Airlie Beach Bum exposes the backside of Airlie Beach. Think of it as a helpful alternative to the many tourist web sites that praise Airlie Beach and the Whitsundays as paradise on earth. It truly was once the paradise they still proclaim.
I was stuck at home at Airlie Beach in February 2008 because of the rainy season. The horizon was a grey blur, you couldn't tell where sky and sea met, and you certainly couldn't see the offshore island resorts. Too wet to take a walk through town. Too wet to take a boat trip. You can't even go crane spotting at the construction sites. Too many mosquitos to even open the doors. So I had time to cause trouble.
I started taking notes of nasty things the real estate agents and travel agents don't tell you about Airlie Beach when they praise it. As usual these days, I drafted my notes as text, marked up with simple html tags, suitable for web pages.
In mid May a reporter from the Sunday Mail, Jessica Lawrence, interviewed me for an article on Airlie Beach - Luxury haven or paradise lost?. I decided that I really did need to get to work turning my own rough notes into an actual web site.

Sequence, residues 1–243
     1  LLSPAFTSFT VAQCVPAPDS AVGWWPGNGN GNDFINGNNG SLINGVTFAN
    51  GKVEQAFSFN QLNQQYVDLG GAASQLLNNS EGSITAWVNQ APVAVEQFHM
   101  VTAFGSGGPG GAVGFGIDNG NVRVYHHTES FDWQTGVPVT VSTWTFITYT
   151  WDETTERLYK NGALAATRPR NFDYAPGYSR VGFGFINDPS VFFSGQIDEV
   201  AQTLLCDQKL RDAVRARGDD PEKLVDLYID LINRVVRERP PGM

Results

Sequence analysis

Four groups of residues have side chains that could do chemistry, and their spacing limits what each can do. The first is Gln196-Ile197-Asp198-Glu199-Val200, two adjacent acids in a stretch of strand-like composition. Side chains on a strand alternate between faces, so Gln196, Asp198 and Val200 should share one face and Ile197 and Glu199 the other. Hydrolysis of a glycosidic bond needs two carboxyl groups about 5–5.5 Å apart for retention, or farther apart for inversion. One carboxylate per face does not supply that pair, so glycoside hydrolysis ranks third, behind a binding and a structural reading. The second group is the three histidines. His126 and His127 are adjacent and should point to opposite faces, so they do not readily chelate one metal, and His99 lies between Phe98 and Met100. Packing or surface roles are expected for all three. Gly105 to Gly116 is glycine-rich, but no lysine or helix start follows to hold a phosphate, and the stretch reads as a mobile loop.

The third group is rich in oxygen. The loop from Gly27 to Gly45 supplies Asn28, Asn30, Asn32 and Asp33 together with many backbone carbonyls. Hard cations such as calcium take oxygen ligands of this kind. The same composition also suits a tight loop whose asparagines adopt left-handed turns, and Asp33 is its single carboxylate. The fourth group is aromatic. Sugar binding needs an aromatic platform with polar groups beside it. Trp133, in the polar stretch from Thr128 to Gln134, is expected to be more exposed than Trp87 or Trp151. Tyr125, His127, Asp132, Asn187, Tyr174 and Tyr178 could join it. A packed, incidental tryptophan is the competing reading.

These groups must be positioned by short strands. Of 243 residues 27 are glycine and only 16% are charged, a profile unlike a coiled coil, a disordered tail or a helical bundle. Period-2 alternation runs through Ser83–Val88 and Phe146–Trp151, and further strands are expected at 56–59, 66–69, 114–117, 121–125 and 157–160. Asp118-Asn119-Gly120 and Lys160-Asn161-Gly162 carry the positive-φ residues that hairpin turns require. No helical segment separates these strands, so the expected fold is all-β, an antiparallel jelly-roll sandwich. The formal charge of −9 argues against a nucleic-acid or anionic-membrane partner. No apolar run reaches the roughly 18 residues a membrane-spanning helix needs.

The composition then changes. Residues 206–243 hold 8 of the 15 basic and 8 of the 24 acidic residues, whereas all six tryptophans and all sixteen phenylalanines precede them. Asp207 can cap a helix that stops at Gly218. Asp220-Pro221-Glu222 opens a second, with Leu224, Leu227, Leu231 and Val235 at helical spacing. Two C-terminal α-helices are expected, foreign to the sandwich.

Prior to moving to Airlie Beach in 1997, I tried checking on the place on the web. There was not much detail available. I wrote a detailed web site about Airlie Beach. This remained reasonably well positioned in search engines for a considerable time, thanks to mostly accurate content for its time. Eventually I fell behind in updating my Airlie Beach and Whitsundays site. By this time innumerable Whitsunday tourism web sites about Airlie Beach were emerging. My material seemed less timely or of use amid all the advertising about what a wonderful place Airlie Beach was for backpackers to spend their money. It is still a pretty good place for backpackers.
Airlie Beach holiday websites all concentrate on how Queensland is beautiful one day, perfect the next. They fail to mention the intolerable rainy season in tropical north Queensland, when any sensible person leaves town, and the decent restaurants close for February. They don't mention the stinger season, even longer than the tropical wet season. Nor do they mention the ridiculous looking protective stinger suits people wear. They don't mention sharks at the Great Barrier Reef, snakes at the resorts, crocodiles in the rivers or other troublesome creatures lurking in the area. They don't mention floods inundating the only roads reaching Airlie Beach and isolating the area, cyclones in the tropics, boats sinking on the shore, planes crashing on the beach, trains being stranded by floods, airports being closed by floods, and all the rest are here on Gilligan's Isle.
Where the Rainforest meets the Sea, until the developers arrived, and the golden sand comes in dump trucks.